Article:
The trail from the basin down through the arroyo was relatively easy…there was a fence-like “weir” near the bottom, just before it met the trail along the river.



At the river’s edge the trail became more difficult…there were willow branches to push away and rock slides to cross as we trod downstream to the inlet. And once again, just before the turn in the river where the “M” stood, we hit a dead end.


Stay tuned…I’m not done yet!

Part three coming soon…

32 thoughts on “La Caja Pueblo Ruins – Part II…

  1. Cynthia, you are a good story teller. I laughed at the very end where we have to stay tuned. I’m on the edge. Please don’t take too long. Thanks for all of the beautiful views and I was very excited also when you found the flat rock. Wish I was there. Great story!

  2. Great story Cynthia! I love Molly’s boots and that she has boots on ground. 😉 The flat rock is an amazing part of the story. The photos are beautiful and thank you for sharing. Looking forward to part III.

  3. Cindy you sure do know how to tell a story and you are pretty darn good with a camera also! I felt that I was with you every step of the way.
    I can’t wait for the next installment.


  4. Wow! I was on the edge of my seat! You are an awesome story teller. Maybe you could write a book if you don’t find the treasure. Adventures of Molly and the missing treasure!

    • Cynthia, love your story! Like Helene said you should write a book! And your pictures are so amazing! But how do you get the pictures of you and Molly? Are you doing it Survivorman style setting up a remote camera?? Can’t wait to read more please post more soon!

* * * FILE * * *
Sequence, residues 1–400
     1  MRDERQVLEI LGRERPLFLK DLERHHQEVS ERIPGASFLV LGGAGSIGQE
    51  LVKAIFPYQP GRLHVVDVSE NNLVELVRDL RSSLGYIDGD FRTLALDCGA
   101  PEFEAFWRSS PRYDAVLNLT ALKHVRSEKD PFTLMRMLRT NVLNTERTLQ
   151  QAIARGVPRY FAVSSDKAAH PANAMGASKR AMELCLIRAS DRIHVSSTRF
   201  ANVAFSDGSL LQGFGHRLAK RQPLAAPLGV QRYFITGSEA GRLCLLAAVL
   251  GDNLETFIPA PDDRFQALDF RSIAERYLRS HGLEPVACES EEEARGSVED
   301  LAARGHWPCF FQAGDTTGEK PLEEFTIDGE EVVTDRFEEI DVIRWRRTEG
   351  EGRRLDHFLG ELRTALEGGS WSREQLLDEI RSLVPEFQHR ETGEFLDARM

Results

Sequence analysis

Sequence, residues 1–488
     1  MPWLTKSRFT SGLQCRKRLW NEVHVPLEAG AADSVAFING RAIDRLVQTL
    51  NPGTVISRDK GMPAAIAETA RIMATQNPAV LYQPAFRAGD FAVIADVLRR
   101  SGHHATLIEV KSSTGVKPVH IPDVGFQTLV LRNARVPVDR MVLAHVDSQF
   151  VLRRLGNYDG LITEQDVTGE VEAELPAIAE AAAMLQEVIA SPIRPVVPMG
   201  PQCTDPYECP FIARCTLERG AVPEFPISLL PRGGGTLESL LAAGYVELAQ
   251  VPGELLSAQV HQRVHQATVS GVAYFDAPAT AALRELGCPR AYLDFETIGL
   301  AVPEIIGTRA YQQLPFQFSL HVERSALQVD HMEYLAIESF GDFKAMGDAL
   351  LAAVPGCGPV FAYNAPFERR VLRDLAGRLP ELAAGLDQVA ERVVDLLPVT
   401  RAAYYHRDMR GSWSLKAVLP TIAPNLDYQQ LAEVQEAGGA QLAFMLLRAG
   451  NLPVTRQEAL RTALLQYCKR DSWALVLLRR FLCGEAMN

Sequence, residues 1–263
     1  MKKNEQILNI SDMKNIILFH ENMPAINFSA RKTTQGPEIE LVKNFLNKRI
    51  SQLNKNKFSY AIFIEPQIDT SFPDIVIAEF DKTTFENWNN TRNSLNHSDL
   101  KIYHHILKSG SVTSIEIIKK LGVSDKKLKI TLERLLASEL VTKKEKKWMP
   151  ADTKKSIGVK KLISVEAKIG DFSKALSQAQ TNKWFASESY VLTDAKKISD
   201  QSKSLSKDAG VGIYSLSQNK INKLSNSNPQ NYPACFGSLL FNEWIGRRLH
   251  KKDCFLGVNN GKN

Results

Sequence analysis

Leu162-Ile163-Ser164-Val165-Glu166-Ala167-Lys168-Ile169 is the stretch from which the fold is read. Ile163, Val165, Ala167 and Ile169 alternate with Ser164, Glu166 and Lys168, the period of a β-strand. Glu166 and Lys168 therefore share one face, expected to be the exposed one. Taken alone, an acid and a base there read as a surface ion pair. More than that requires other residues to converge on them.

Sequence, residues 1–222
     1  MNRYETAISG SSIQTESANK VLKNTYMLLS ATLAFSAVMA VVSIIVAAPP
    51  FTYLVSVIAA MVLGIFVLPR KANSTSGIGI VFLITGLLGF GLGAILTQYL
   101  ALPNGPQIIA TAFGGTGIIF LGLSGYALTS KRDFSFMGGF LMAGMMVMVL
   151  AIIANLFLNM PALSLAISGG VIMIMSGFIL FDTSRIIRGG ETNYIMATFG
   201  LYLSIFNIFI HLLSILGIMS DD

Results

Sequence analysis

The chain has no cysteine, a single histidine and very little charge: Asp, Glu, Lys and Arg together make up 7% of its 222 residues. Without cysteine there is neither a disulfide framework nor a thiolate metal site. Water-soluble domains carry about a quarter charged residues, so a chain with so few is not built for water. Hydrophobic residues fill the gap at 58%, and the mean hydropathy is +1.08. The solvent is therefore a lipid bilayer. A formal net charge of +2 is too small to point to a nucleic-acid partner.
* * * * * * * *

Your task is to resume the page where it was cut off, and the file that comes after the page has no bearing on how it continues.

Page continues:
Can’t wait to meet you and Molly at the Fennboree… Wish I could bring my Little puppy Zelos with me but he won’t fit in my suitcase…:)

  5. Beautiful pictures. You are so awesome at telling your story its like I’m there with you.
    U also know your directions as for me I had no idea I searching Central Colorado. Ha ha, until I called the hotel we stay at and I asked them if they were Central. (OMG). 🙂 and I’m trying to follow directions from a poem. Ha ha how funny. 🙂 🙂 I love the Chase.

  6. Wow, Thank you so much for sharing your adventure! Love the photos esp the first one with the large boulder on the left. Is it just me or does it look like a gator or lizard is sitting on top of it?

  7. When I look at the area on Google Earth I really can’t tell where you are talking about. Maybe you should just get a boat and go over to the inlets that way to hike around. It would not be the method taken by FF, but this season it could be easier.